My relative is a fairly big academic and works at a university. Is this correct? or should I have used in instead?
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What preposition is the proper one to follow the noun “hatred”?

What is the proper preposition to follow the noun hatred? Do we have a hatred for Buddhism? Do we have a hatred of Buddhism? Do we have a hatred against Buddhism? These are all just examples. ...
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What is the appropriate preposition for “mailing list”?

I am trying to write a motivation letter and in this sentence I am not sure which preposition is appropriate for "mailing list". Would you please help me? To clarify the case, I am subscribed to a ...
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Do you buy “in”, “by”, “at” or “on” a website"? [duplicate]

If test.com is my website name, which one is correct: In test.com you can buy biscuits By test.com you can buy biscuits How can I explain to someone that if you register on my site you can do ...
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47 views

Can “unto” be used instead of “onto” in American English?

Is there a difference in how the preposition "onto" is used in British and American English? I always understood it to match the following dictionary definition I found online, and was not aware of ...
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691 views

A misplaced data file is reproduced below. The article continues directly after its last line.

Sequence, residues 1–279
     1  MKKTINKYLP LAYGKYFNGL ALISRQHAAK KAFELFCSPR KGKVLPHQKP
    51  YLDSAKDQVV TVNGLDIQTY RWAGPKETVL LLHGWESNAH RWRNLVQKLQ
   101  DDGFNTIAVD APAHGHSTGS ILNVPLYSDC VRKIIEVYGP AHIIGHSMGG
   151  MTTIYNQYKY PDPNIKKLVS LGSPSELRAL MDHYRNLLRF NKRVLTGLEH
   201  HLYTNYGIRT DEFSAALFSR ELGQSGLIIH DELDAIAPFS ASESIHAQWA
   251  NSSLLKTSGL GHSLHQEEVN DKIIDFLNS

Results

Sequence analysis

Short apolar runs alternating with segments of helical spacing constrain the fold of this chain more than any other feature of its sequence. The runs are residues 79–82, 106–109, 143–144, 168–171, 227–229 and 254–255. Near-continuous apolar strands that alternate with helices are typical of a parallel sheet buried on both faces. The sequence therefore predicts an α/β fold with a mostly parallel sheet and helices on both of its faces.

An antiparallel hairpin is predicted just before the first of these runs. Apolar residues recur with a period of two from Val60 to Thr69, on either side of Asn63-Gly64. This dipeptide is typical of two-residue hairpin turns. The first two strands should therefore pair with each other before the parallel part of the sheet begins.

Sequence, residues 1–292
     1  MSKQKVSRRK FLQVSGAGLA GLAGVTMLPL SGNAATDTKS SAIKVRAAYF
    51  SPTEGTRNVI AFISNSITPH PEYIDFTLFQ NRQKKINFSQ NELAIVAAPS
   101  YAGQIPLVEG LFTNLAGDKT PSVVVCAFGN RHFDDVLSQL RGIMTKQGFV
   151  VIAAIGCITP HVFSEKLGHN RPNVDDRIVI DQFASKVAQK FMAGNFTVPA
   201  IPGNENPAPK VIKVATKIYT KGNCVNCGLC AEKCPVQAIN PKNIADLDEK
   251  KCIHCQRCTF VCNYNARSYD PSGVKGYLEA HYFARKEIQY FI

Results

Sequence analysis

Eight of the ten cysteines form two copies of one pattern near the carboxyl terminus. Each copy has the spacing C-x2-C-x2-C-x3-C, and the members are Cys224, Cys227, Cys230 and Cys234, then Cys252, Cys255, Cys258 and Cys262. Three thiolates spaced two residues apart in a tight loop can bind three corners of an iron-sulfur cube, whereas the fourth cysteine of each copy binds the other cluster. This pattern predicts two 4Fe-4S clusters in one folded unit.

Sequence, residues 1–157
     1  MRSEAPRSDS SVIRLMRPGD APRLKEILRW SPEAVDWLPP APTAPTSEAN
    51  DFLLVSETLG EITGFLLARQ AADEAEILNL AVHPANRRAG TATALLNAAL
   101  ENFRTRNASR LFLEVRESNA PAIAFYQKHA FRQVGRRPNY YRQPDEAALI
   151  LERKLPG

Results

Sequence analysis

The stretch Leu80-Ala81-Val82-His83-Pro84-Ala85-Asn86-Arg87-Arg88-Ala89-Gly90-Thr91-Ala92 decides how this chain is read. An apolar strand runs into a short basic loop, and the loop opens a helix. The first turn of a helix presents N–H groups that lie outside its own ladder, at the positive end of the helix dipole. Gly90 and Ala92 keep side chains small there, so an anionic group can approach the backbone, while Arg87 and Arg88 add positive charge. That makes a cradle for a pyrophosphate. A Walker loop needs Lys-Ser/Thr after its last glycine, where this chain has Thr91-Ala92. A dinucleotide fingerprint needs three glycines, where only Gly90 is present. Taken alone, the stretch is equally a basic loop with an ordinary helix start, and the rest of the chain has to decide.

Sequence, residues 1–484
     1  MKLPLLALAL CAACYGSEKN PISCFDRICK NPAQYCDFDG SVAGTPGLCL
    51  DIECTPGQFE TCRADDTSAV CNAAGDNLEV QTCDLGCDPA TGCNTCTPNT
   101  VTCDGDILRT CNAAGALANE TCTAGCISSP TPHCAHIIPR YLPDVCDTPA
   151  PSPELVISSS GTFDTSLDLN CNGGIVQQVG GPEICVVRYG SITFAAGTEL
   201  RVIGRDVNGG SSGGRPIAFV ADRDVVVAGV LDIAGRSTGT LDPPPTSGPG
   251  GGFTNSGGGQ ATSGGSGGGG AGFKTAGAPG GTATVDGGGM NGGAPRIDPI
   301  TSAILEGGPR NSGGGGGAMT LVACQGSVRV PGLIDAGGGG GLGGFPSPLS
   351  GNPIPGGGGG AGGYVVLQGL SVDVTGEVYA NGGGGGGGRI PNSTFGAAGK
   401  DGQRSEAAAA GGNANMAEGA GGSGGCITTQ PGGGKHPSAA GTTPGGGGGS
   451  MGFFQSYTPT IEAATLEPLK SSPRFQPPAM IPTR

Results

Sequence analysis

Graduate student in or of?

In my cover letter I want to write that I am a graduate student in statistics. But I am not sure about the "in". So what is correct? I am a graduate student in statistics. I am a graduate ...
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The expression 'not that bad of a'

In an essay, a friend used the expression: It wasn't that bad of an idea. I think that it would be preferable to write It wasn't that bad an idea However, I can't explain why.
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“between” vs. “among”

Today I was cut off in the middle of the following sentence: Between Cook, Strauss, and Pietersen— My friend said I was wrong. He said that for more than two entities, among/amongst are used, ...
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Why “live on campus” but not “live in campus”

Why do we say he lives on campus but not he lives in campus? Technically we live in the boundaries of the campus.
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2answers
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Floating in/on atmosphere?

Which of the following two are correct? Melodies floating in relaxing atmosphere. Melodies floating on relaxing atmosphere. My gut feeling says that it should be 1, but I am just a bit confused. ...
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'from' vs. 'by'

Reading a science article on HuffPost, titled 'Dinosaur Farts, Prehistoric Climate Change Linked In New Methane Gas Study', I came across the following sentence: The gassy emissions from these ...
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Which preposition should be used when referring to an exact date?

I read this in a text book: My test is on 22th of June. I saw this in a YouTube tutorial: My test is at 22th of June. Which sentence uses the right preposition?
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What’s the difference between “in” and “at” when used before a Location/Site/Country/County etc

We always were told that you could use the word in before a place which is a large space e.g. country/city etc. Whereas, before a smaller site or place you should use at. But actually I don’t know ...